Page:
The Good and the Bad

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Friday, June 03, 2011

Indian Point nuclear power plant (hopefoote/flickr)

Lousy key economic numbers have raised concern about the recovery. Peter Coy, economics editor for Bloomberg Businessweek, explains the statistics. Plus: Steven Weinberg, Nobel laureate in physics, and Brian Greene, co-founder of the World Science Festival, discuss science exploration; the dynamics of dropping crime rates during a recession; WNYC’s Bob Hennelly discusses hearings on the Indian Point nuclear power plant; and beach access rules state-by-state. 

Glum Economic News

Peter Coy,  economics editor for Bloomberg Businessweek, and Heidi Moore, New York editor for APM's Marketplace, discussus this morning's underwhelming jobs report and other economic news of the week.

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The Point at Indian Point

Last night a hearing was held to discuss the future of Indian Point. WNYC reporter Bob Hennelly, discusses what's in store for the power plant, located 40 miles from New York City.

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Following Up: Bone Marrow Registry

Dr. Willis Navarro, medical director of transplant services for the National Marrow Donor Program, follows up on yesterday's discussion on the role of a bone marrow transplant in the case of a man who had HIV and now does not.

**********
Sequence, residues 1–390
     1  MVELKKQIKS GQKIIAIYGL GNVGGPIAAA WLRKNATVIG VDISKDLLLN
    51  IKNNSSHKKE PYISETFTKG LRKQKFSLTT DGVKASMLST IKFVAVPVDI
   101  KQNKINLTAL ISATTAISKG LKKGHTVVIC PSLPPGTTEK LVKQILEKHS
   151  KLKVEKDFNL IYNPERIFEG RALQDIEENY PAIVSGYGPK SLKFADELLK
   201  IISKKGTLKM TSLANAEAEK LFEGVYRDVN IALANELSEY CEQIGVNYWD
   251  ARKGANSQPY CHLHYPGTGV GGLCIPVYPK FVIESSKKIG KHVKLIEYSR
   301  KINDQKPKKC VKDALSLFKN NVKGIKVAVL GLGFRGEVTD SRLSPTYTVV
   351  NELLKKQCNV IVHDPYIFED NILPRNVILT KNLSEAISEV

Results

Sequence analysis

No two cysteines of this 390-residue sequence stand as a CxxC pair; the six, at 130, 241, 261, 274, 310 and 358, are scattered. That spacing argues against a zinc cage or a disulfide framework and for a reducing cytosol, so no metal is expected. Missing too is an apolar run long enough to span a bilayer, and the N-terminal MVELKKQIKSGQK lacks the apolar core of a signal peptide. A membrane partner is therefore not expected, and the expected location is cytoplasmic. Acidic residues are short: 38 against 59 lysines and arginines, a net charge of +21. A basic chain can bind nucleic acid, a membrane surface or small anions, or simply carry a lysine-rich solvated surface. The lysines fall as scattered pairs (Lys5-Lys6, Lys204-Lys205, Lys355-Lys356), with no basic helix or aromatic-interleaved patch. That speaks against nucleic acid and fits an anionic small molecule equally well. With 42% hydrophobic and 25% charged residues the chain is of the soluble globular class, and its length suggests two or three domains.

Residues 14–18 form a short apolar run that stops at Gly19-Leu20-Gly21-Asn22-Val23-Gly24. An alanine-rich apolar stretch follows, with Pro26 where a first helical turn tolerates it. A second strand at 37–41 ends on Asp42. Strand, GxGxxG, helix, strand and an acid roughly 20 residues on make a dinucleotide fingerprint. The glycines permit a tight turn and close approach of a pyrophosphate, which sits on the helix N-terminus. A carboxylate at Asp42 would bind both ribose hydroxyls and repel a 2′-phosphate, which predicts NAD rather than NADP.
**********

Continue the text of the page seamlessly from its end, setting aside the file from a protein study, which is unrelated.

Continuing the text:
Comments [8]

Why Is Crime Dropping?

Frank Zimring, professor of law and criminal justice at UC-Berkeley and visiting fellow at NYU, explains why crime rates have continued to drop during the recession, defying conventional wisdom.

Comments [13]

Science Festival

Steven Weinberg, director of the Theory Research Group at the University of Texas at Austin and Nobel Laureate in physics and Brian Greene, co-founder of the World Science Festival, professor of mathematics & physics at Columbia University, and author of The Hidden Reality: Parallel Universes and the Deep Laws of the Cosmos, talk about the state of scientific exploration and education funding.

Comments [3]

Following Up: Coastal Access Beyond New Jersey

Bob Yaro, president of the Regional Plan Association, follows up on an earlier conversation about coastal access in New Jersey compared to access in New York, Connecticut and around the country.

Comments [15]

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